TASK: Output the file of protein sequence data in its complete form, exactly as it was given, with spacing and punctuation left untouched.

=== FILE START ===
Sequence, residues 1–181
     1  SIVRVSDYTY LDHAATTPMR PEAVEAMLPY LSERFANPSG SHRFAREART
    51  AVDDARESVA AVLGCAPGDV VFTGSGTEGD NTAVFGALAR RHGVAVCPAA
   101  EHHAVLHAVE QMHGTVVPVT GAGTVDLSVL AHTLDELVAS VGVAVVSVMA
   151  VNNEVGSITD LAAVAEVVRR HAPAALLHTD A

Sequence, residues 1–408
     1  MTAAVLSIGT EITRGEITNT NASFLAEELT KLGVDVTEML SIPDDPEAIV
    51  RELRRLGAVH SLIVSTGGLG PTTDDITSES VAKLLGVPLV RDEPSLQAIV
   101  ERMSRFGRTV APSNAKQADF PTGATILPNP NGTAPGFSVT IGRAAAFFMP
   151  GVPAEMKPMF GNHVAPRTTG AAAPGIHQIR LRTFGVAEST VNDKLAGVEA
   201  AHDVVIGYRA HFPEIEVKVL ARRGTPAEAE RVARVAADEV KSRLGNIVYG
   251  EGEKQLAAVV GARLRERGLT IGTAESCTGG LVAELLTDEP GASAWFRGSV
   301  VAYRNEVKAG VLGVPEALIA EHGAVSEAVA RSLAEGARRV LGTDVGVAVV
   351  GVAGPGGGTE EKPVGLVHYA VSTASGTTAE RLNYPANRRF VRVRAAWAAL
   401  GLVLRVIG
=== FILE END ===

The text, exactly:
Sequence, residues 1–181
     1  SIVRVSDYTY LDHAATTPMR PEAVEAMLPY LSERFANPSG SHRFAREART
    51  AVDDARESVA AVLGCAPGDV VFTGSGTEGD NTAVFGALAR RHGVAVCPAA
   101  EHHAVLHAVE QMHGTVVPVT GAGTVDLSVL AHTLDELVAS VGVAVVSVMA
   151  VNNEVGSITD LAAVAEVVRR HAPAALLHTD A

Sequence, residues 1–408
     1  MTAAVLSIGT EITRGEITNT NASFLAEELT KLGVDVTEML SIPDDPEAIV
    51  RELRRLGAVH SLIVSTGGLG PTTDDITSES VAKLLGVPLV RDEPSLQAIV
   101  ERMSRFGRTV APSNAKQADF PTGATILPNP NGTAPGFSVT IGRAAAFFMP
   151  GVPAEMKPMF GNHVAPRTTG AAAPGIHQIR LRTFGVAEST VNDKLAGVEA
   201  AHDVVIGYRA HFPEIEVKVL ARRGTPAEAE RVARVAADEV KSRLGNIVYG
   251  EGEKQLAAVV GARLRERGLT IGTAESCTGG LVAELLTDEP GASAWFRGSV
   301  VAYRNEVKAG VLGVPEALIA EHGAVSEAVA RSLAEGARRV LGTDVGVAVV
   351  GVAGPGGGTE EKPVGLVHYA VSTASGTTAE RLNYPANRRF VRVRAAWAAL
   401  GLVLRVIG